So this Friday, on Halloween Day, my girls will wear red. I'll still get to bring pumpkin cupcakes to Little Sis's classroom that afternoon, since her actual birthday is the next day (Saturday). Then we'll rush home and transform them from Big Sis and Little Sis to Little Red Riding Hood: Wolf Hunter and Amelia Earhart. It will be okay. The girls just shrugged, a little disappointed perhaps, but willing to roll with the punches. I'm just feeling a bit nostalgic for my own childhood, and my own ignorant bliss.


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Sunday, October 26, 2014

More October Reading


Howdy, ghouls and guys!  It is Sunday, and I have a few books to dump on you today, as I was rather busy Friday and Saturday.  I made an airplane(!) and both girls danced during the big Halloween shindig at the children's theatre.  Little Sis decorated this mini pumpkin after her dance.  Isn't it cute? It's actually... tasteful this year. Less gloppy with glitter glue!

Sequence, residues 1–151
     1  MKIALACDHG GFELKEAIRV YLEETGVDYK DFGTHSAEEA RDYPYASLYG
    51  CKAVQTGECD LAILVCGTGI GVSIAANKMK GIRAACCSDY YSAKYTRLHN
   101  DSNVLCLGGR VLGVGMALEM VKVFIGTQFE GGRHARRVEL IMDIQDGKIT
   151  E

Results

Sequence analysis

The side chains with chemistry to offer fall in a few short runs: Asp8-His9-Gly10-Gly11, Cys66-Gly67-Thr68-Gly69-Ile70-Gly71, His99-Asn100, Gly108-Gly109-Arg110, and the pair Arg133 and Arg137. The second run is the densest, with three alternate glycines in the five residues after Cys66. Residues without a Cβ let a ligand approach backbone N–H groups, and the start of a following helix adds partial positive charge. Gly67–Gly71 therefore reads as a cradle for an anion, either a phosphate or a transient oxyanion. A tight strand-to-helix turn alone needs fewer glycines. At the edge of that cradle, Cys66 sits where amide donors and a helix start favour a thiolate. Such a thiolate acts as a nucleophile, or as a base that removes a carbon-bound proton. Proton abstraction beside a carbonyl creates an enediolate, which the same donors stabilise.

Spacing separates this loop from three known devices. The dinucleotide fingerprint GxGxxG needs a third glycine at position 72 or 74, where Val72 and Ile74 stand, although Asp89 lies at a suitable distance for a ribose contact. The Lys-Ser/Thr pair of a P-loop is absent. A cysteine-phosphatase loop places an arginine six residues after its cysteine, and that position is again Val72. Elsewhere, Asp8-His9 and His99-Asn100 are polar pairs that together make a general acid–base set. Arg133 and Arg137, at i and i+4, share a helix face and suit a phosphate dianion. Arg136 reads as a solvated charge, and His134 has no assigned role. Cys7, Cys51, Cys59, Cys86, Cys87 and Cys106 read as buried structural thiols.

So anyway...  Books.

What I Read


Teen Spirit by Francesca Lia Block.  HarperTeen, 2014.

Confession: This was my first time reading Francesca Lia Block, best known for her Weetzie Bat series.  Those books were off my radar during my teens, and while I always thought the covers of her books were intriguing, (And she writes about magic and fairies and fairy tales, which you know appeals to me!)  I never got around to checking them out.  But this book, with its Ouija board cover and ghostly vibe, made it into my Halloween pile, and after reading it, I bought a copy of the Weetzie Bat omnibus, Dangerous Angels.  I loved this book.  Julie and her mother have recently moved into an apartment, after her grandmother dies and Julie's mom loses her screenwriting job.  The first friend she makes at her new school, Clark, loves hats, health food, and Buffy the Vampire Slayer.  Julie finds an old Ouija board in her bedroom, left behind by a previous tenant, and convinces Clark to help her use the board to contact her beloved grandmother. Clark, however, has some secrets of his own, and the two make contact with someone else. While the book has the whole spirit and Ouija board scare thing going, it's really about overcoming grief and living in the moment.  A wonderful YA read.